It was 12 billion gallons of water

Charging on like a battering ram

That seemed on the meetin’ of slaughter

From the breaking of the St. Francis Dam

That night at midnight the dam began to break apart. The contents of the reservoir rushed down stream crushing and carrying away everything in its path. The debris-filled wave traveled at 18 miles an hour down the San Franciscuito Canyon tributary to the Santa Clara River. As many as 3,000 people lived in the path of the flood in and near the towns of Castaic, Saugus, Fillmore and Santa Paula, and some smaller communities in the agricultural valley. Five hours later it reached the Pacific Ocean 54 miles away. The flood claimed over 400 lives with many bodies remaining unidentified and as many as 100 victims never being found. The large population of Mexican farm workers who lived in the agricultural flood plain most likely accounts for the many unidentified remains.

There’s many that are in mourning

For loved ones whose death was too slow

To lead them to safety that morning

When the waters did flow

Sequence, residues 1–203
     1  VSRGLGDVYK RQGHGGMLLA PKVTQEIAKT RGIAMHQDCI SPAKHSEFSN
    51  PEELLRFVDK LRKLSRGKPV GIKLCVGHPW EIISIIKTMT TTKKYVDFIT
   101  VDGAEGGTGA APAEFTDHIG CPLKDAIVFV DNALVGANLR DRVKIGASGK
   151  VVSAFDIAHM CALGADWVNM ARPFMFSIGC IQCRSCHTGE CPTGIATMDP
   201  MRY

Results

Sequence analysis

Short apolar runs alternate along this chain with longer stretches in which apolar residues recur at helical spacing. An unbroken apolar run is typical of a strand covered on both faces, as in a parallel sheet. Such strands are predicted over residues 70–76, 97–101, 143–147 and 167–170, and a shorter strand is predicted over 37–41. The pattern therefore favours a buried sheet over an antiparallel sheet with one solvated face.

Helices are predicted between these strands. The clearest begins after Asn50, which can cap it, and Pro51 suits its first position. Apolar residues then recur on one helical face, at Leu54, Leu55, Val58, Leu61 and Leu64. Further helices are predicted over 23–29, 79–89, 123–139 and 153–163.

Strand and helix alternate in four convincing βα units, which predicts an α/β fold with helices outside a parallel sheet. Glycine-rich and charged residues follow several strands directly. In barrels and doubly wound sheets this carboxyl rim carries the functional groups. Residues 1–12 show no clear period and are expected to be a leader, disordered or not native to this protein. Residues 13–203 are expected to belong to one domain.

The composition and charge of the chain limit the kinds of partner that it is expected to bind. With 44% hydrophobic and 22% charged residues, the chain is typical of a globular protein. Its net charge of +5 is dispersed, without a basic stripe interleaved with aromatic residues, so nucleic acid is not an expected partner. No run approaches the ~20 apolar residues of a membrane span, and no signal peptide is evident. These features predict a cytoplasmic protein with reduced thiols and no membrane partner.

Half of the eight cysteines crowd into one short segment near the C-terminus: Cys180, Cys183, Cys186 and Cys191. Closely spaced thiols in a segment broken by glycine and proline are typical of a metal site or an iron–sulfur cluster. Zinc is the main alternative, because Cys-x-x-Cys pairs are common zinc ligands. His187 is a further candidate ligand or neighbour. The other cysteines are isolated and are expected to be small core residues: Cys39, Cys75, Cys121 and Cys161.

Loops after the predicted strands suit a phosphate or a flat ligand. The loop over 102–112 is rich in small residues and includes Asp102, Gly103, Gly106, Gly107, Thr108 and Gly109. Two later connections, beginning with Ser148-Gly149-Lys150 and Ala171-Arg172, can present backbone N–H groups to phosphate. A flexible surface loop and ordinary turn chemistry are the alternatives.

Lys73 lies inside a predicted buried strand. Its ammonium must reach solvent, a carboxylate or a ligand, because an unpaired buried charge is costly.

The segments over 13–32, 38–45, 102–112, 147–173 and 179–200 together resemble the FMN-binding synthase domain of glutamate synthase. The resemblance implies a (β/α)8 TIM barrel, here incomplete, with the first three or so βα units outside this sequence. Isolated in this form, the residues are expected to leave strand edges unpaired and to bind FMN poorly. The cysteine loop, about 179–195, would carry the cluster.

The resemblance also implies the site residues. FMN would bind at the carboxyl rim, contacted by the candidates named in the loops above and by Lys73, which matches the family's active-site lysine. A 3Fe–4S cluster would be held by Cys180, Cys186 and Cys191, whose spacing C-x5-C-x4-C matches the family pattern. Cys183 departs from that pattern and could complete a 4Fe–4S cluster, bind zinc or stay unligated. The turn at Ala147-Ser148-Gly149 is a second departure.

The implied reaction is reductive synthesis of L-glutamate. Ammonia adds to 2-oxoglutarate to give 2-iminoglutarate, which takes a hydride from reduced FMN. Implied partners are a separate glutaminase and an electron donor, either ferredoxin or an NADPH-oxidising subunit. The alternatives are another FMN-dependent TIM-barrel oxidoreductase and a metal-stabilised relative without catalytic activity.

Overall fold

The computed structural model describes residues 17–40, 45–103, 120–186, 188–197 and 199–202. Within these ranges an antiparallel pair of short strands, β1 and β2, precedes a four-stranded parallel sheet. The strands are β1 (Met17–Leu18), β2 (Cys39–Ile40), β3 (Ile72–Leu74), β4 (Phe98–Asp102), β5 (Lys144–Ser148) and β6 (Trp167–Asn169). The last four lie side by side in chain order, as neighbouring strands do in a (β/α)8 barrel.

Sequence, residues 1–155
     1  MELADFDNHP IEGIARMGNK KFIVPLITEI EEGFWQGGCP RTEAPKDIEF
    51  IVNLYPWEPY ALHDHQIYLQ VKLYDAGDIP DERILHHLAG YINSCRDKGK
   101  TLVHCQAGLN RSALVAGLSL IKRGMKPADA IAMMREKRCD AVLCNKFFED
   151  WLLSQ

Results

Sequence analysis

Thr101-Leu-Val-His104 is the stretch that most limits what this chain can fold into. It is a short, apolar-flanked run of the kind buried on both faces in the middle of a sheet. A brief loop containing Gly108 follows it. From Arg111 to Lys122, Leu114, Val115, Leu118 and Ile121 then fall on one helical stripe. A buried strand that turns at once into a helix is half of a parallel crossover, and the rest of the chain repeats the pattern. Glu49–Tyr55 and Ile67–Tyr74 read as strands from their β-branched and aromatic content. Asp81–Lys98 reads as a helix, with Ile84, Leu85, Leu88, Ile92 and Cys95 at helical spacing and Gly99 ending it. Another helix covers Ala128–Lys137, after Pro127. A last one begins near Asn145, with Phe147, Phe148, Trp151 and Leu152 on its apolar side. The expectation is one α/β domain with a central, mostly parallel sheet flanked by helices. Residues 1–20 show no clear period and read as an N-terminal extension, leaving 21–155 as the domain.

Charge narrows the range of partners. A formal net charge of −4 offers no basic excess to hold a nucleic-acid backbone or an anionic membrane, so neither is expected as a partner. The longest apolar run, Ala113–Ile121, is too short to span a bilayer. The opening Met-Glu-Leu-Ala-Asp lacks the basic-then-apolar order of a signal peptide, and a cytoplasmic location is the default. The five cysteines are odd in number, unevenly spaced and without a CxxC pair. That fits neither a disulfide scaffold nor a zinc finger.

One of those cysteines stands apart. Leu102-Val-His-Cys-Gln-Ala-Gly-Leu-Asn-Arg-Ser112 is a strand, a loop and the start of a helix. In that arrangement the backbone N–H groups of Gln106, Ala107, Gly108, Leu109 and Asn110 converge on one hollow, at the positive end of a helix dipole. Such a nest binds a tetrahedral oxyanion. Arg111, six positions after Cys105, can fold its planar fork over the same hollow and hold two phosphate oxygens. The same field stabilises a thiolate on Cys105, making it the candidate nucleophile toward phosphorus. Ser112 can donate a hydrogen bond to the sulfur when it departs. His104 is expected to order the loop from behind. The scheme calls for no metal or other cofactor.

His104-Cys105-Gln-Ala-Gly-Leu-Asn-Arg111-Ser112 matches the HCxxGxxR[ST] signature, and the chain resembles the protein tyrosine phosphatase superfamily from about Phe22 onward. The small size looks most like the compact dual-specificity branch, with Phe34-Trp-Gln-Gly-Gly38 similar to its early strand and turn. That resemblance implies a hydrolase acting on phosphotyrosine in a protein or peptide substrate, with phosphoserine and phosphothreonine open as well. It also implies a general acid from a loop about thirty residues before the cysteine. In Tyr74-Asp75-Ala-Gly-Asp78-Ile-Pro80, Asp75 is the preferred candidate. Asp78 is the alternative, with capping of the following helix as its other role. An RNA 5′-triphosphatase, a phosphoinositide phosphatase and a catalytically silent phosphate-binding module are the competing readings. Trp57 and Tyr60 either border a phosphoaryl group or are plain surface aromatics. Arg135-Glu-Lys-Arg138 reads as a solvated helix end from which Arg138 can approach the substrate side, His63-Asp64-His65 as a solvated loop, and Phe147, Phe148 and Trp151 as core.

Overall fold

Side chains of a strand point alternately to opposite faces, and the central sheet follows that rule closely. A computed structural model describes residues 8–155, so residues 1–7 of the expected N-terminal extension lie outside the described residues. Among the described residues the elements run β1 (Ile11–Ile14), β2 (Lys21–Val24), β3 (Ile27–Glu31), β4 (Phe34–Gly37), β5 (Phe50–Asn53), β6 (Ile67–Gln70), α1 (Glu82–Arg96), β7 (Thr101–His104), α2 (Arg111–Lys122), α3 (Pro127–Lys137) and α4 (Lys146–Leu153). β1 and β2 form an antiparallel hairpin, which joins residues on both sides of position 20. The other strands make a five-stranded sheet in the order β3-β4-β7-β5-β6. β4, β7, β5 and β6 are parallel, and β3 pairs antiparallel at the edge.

Hearings were held but conclusions were vague. It would be decades before engineers would ascertain that the dam had been situated on unstable ground that couldn’t bear the weight and pressure of the filled reservoir. The dam didn’t collapse, the ground beneath it did, causing the concrete to crumble. Very quickly, the Los Angeles Water & Electricity Company began quietly settling claims and too quickly the nationwide newspaper headlines receded to the back pages. The erasure of the catastrophe from public memory had begun, likely on purpose. Mulholland’s efforts to secure water for L.A. were viewed with great skepticism outside of the Los Angeles area, and throughout California he was viewed by many simply as a ‘thief’ who was destroying the livelihoods and communities whose water he diverted. The new dam had been built with little fanfare; it was in a remote valley, and the battle for Owens Valley water was still fresh in the public’s mind and Mulholland did his best to keep the project under the radar and out of the newspapers.  He had succeeded to the point that when residents of the Santa Clara Valley were informed by a telephone operator that a flood was coming their way and they should escape to higher ground, many testified that they had assumed they were escaping a tidal wave coming in from the ocean. The telephone operator was the heroine of the story; just twenty-two years old, she was the sole operator on the graveyard shift. When she heard from another operator in Los Angeles County that a dam had failed and Santa Clara Valley was facing a churning surge of water, she stayed at her station through the night calling every phone number in the valley, even though she didn't know if she was in the flood path or not.